In late October I spoke to a roomful of restaurant marketers and shared a little known story about Whole Foods Market. This story has become a Whole Foods company campfire tale and for good reason… it’s a story that helped to shape the culture of the company in its early days.
There’s been much hullabaloo surrounding the FTC blocking the proposed merger between Whole Foods and Wild Oats. The FTC believes this merger will concentrate too much of the country’s natural/organic supermarkets in the hands of one retailer. And because of
*** This is a long post (1,250+ words). You’ve been warned. *** Before I express my thoughts on implications resulting from the Whole Foods/Wild Oats merger, I need to clearly express my position on the merger. As a former marketer
In Whole Foods Market lore, there’s a company campfire store about John Mackey sending the original founder/CEO of Wild Oats the board game RISK along with a feisty note. Given their recent merger announcement, it seems apropos to share this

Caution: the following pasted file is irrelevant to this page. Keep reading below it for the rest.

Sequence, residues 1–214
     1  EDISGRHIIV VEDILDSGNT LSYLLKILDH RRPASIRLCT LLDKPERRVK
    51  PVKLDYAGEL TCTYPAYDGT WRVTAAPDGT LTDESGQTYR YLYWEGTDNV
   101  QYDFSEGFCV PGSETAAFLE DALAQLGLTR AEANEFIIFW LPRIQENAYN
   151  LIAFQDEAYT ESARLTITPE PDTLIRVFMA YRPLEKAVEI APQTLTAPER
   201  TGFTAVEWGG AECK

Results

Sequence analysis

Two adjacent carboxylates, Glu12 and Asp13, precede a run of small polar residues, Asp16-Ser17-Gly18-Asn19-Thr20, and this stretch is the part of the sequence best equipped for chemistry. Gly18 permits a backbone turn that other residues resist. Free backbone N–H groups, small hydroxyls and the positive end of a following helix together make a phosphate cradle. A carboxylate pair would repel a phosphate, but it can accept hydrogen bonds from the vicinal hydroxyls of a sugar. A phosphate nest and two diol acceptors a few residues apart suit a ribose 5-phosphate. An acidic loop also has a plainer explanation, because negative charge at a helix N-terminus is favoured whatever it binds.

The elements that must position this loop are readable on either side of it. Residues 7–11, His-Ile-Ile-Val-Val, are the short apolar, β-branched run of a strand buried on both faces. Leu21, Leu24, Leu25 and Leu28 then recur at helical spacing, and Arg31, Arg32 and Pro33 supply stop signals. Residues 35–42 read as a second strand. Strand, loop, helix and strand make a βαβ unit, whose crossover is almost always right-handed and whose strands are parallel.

WHAT HAPPENED: Whole Foods Market acquired is largest competitor, Wild Oats, for $565 million along with assuming Wild Oats’ existing net debt of $106 million. When the deal closes, Whole Foods will operate more than 300 locations in 31 states
There’s an interesting interview in today’s Wall Street Journal with Whole Foods Market’s CEO, John Mackey (sub. req’d). Some turbulence has hit Whole Foods Market (WFM) with its stock price plummeting last month after the company informed Wall Street to
An article in the October 24th issue of BusinessWeek takes a somewhat critical look at Whole Foods Market (WFM). It questions whether or not the company can sustain its sales gains, ambitious new store growth plans, and its cachet with
“Whole Foods is more like a fast-breaking basketball team. We’re driving down the court, but we don’t exactly know how the play is going to evolve.” — John Mackey, Point Guard forWHOLE FOODS MARKET Ya know … as a former